Indoor Air Quality


Staff member
There is a debate going on (I think in Biz Week forum) that the Indoor air quality in large office buildings are very poor and that it makes people sick, headaches etc.

In winter, in residential houses the same situation occurs - breathing the same recirculated air with germs breeding in the ductwork. What are your thoughts?

Bad air is really not a laughing matter. I can tell you of one such experience. People would come and after about a week of exposure would start getting sniffles, like they were getting a cold. Or starting to get the flu. You know that blah feeling. What it came down to was bad air. Air conditioning that is. The ducts were full of mold. Quite a few different kinds. Took'em a couple of weeks to get rid of it. I was blessed; it never bothered me though many around me suffered.

This lead to an investigation as to why. What was revealed was that in this case the air conditioners were working well. There was a lot of travel, in and out of the building. Supplies moved in and out. Some people could not stand the spores and would purposely leave doors and windows open, even though it was air-conditioned. This lead to a collecting of moisture within the ducts, which gave the mold a place to grow.

Many homes today have been really insulated well to conserve heat/air conditioning and save on the utilities. This creates a near air tight area and then the temperature changes help bring in the moisture. Manmade material used in construction of the building/home is another source. Some of the glues used to hold together plywood and paneling, to put the paneling up on the interior. The carpet, the undercushion, glue to hold down counter tops, some floor coverings, paint and thinners. All are terrible for your health, especially when put into an environment where it can not dissipate.
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The hell with office buildings and homes. How about hospitals? They've become the breeding grounds for some of the nastiest bugs around!

A few years back Terri Gross, National Public Radio, was interviewing a doctor who was with Doctors Without Borders and had just come back from Africa, Ethiopia I believe, and commented after he had described the operating conditions (worse than a M.A.S.H. unit from the sound of it): "The infection rate must have been horrific."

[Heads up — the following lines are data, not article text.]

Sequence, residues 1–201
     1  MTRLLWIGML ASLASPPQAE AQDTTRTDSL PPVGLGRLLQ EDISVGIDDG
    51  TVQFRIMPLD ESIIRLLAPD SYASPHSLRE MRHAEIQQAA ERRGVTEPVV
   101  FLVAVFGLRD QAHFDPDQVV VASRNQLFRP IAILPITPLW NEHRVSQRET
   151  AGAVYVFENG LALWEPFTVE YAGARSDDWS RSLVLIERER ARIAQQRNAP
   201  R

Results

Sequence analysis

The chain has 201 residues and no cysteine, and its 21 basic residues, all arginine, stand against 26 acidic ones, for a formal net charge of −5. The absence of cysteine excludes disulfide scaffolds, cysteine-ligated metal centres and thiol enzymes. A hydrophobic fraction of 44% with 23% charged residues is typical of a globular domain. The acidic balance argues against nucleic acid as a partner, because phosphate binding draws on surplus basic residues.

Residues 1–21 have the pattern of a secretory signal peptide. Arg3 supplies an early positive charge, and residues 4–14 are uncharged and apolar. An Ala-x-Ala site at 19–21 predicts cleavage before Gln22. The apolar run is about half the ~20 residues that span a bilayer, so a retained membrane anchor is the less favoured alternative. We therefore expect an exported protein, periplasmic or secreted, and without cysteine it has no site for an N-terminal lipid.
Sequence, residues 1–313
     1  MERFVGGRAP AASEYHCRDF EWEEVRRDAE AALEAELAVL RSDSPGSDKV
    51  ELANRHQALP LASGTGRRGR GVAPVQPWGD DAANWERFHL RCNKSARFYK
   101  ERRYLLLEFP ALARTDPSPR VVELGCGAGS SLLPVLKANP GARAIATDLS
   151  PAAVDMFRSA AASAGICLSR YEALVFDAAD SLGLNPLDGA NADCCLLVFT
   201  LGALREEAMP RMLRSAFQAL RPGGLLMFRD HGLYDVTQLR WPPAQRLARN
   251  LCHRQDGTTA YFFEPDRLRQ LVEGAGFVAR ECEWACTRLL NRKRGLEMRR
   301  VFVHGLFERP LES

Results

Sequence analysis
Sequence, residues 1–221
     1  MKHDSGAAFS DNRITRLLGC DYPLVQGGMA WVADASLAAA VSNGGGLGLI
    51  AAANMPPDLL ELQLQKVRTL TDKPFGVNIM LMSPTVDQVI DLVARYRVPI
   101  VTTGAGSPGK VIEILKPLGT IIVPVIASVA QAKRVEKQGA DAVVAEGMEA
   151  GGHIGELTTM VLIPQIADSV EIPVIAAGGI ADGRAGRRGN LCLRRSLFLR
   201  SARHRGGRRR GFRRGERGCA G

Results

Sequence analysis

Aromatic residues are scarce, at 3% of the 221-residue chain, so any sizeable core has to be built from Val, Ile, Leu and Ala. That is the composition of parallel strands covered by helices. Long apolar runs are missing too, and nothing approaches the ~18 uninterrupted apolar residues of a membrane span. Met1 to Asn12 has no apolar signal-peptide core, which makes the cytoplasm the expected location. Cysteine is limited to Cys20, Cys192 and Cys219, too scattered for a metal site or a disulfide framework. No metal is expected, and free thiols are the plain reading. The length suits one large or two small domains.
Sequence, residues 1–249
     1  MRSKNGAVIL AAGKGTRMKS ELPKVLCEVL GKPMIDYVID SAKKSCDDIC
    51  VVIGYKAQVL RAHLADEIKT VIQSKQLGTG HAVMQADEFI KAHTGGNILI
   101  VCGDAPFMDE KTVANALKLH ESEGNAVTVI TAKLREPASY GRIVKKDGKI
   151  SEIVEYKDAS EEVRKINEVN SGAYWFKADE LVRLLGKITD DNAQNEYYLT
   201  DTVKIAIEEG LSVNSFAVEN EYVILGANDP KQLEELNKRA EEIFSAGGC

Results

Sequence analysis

I'll never forget his reply: "Actually, quite low."
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I have got sick after being in a mall for a while...

Plus after an hour or two my eyes get really tired and cloudy, been doing that for years at malls. Weather this can be attributed to poor air quality is another issue. Just wanted to type.
This may help to understand what is going on:

Most all office buildings, hotels and hospitals are sealed systems. The building code says that the HVAC (Heating, Ventilation and Cooling) system must have so many complete air exchanges per day. That is the entire volume of air should be replaced by fresh air so many times a day (numbers vary by the state). This is accomplished by an outside air inlet and controlled by a damper. Even the hotels that have individual AC in the rooms have vents to accomplish such task.

Now, if you exchange the inside hot or coll air with outside cool or hot air (respectively due to winter or summer) then there is a large energy use to do that. So, even though it is against regulation, the building people do not set it up correctly to save money (lots of money). Some places it is completely closed off hoping no one will notice. In large hotels, you have to stay there more than two days under this scenario to see you are getting a headache. If you have any suspicions, and happen to call the local health department, they normally setup schedules for check up. By that time it is all fixed.

My recommendation:

1. Hotels with independent room AC: Crack open the window about one centimeter (pinkie finger) - should do it. If the windows do not open, you have to open the top cover of the AC and find the vent control and set it to open position.

2. Office you work at: If it feels stuffy on mondays - it is bad. By mid week, the vent is open very little. Complain to the building maintenance to check it out.

3. Hospitals: Do not go near a hospital unless your life depends on it - then you take a gamble. Hospitals in south are worse due to moisture. I can not help here.

4. Home: In winter time, the home is air tight. So open an window time to time to get some fresh air. Use the bathroom and kitchen power vent if they are vented outside. Then you can crack open one window to get fresh air. To reduce the chances of bacteria and viruses, you can install a germicidal lamp inside your air return system that can kill any airborne bugs. If you install one, leave it all winter long on.
Neat ... but ...

I thought that's what heat-exchangers were for, kmguru.

Cut down on the energy loss by having the incoming air take heat from the outgoing air in Winter and be cooled by the outgoing air in Summer.
Only if you have designed and installed such a system with a fresh air heat exchanger. Most old buildings do not have it. The air to air heat transfer is very poor and people shut it off. In hotels all those window units have no such thing. To do a better job, you may need a air/liquid/liquid/air exchanger but I doubt they use it.